We welcome the report of the High Commissioner for Human Rights. We support the ongoing work to strengthen the Office of the High Commissioner for Human Rights. The Strategic Management Plan and an increased budget are central to this work.
In May of this year we decided to establish the Human Rights Council. Before June of next year we have to agree on its modalities. We are about to review the mandates, mechanisms, functions and responsibilities inherited from the Commission.
Our work on human rights has been criticised – at times rightly so – for being politicised, selective and ineffective. This time we have the opportunity to create a strong and effective human rights body. We should work on the basis of cooperation and dialogue in order to identify human rights issues of concern, and to improve them.
When dialogue is not enough, and there is no will to improve the situation, then we must be willing to take action and speak clearly on behalf of those whose voices are not heard. It is of utmost importance that the UN is able to address and act on pressing human rights situations.
A key task for the Council during the first year is institution building. We have to review the system of special procedures and establish a Universal Periodic Review Mechanism.
The Special Procedures are an essential mechanism within the UN system for protecting human rights and alerting us to human rights violations. If the Special Procedures are to fulfill their mandates, it is imperative that they remain independent, impartial and autonomous.
A strong and effective special procedures system depends, however, on the willingness of Member States to cooperate fully with the mandate- holders in all aspects of their work.
At the same time, the Special Procedures must be provided with the necessary resources to carry out their mandated tasks, including information on individual cases, requests for country visits and follow-up recommendations.
Human rights defenders stand at the front line, promoting and protecting human rights. My Government welcomes the report of the Secretary-General’s Special Representative on Human Rights Defenders.
Those who fight for the fundamental rights and freedoms of other people – often at the risk of their own lives –, deserve the greatest possible respect and support from the international community.
The report confirms that, in many parts of the world, human rights defenders still face a variety of repressive measures. We add our voice to the Special Representative, urging States to review restrictions imposed on the right to the freedom of assembly and to ensure that their legislation is in conformity with the obligations of the State under international human rights law.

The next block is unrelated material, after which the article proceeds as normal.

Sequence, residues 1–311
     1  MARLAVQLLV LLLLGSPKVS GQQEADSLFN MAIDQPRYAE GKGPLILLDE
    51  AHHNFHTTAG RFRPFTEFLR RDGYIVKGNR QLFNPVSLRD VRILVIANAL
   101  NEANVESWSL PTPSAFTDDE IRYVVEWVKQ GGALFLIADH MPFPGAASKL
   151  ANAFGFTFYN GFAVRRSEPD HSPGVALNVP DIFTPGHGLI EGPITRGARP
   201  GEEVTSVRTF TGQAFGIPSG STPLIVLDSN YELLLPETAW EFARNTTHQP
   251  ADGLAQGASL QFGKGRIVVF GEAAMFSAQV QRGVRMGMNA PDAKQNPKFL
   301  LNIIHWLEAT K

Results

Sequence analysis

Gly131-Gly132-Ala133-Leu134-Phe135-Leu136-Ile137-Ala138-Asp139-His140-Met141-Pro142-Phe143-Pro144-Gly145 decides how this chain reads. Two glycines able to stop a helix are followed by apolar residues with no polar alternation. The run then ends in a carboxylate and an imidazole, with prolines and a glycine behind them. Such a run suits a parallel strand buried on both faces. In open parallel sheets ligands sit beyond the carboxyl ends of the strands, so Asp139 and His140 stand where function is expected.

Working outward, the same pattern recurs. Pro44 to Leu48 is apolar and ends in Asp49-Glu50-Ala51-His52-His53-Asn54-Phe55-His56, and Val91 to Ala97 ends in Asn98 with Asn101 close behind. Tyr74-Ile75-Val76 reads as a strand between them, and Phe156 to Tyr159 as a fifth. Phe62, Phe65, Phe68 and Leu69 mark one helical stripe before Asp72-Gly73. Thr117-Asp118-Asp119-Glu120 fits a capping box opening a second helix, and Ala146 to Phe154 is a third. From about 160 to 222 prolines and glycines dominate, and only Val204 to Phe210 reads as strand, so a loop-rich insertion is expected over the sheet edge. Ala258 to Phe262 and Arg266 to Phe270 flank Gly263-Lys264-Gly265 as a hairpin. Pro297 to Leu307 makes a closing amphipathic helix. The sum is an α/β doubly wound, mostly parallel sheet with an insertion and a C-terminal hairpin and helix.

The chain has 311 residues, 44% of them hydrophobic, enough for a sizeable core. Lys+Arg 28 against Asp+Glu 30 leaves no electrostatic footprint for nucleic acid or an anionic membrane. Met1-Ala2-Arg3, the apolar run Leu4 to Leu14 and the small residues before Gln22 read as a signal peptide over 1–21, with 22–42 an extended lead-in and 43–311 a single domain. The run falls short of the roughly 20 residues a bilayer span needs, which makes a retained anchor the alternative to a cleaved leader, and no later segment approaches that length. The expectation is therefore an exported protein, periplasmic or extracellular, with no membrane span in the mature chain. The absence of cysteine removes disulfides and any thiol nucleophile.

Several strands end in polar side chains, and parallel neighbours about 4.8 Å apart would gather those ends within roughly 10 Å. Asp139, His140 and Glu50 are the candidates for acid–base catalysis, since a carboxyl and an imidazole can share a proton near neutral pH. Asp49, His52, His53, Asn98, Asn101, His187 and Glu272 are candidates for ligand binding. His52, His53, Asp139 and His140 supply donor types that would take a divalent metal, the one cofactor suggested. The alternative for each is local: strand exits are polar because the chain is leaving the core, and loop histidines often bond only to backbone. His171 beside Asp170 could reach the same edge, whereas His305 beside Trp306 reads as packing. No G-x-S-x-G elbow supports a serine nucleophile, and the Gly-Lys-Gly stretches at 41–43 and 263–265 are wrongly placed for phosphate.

Freedom of expression – the right to receive and exchange opinions, ideas and information – is fundamental in a democratic society. It is a fundamental and a universal human right. We need to underline that restrictions on the right to freedom of expression have far reaching consequences, going beyond the serious affair of infringing upon a fundamental human right.
But the freedom of expression cannot be isolated from the context in which we express ourselves. Individual human rights are fundamental and universal, but society is not made up of isolated individuals.
How do we exercise freedom of expression while respecting the diversity of our multicultural world? What are the long-term consequences of being insensitive to the culture, faith and emotions of others?
The answers to these difficult questions can only be found through an on-going dialogue with all parties. To enter into dialogue is not to give up conflicting principles or values. It is about finding a way to manage fundamental differences.
The principle of non-discrimination is at the core of human rights. We have committed ourselves not to discriminate on the basis of race, colour, sex, language, religion or descent, national or ethnic origin.
This fundamental principle must also apply to a person’s sexual orientation. Regrettably, there is pervasive evidence of human rights violations based on sexual orientation and gender identity. We commend the attention paid by the Special Procedures to these issues, and call upon all Special
Procedures to continue to address human rights violations based on sexual orientation and gender identity within their relevant mandates.
The prohibition of torture is absolute. Any person who perpetrates acts of torture must be brought to justice. The existence of secret detention facilities where detainees are kept in a legal vacuum, is not in conformity with international law.
It may facilitate the perpetration of torture or in itself constitute torture or other cruel, inhuman or degrading treatment.
Norway attaches great importance to the adoption by the General Assembly of the UN Declaration on the Rights of Indigenous Peoples.
When adopted, the Declaration will strengthen the rights of indigenous peoples worldwide. The Declaration will serve as a comprehensive framework for partnership between States and Indigenous Peoples.
We also strongly support the adoption of the convention for the Protection of All Persons from Enforced Disappearances. The agreement on the draft Convention on the Rights of Persons with Disabilities in August was also a major step forward in promoting universal human rights.
We thank you, Mr Chair.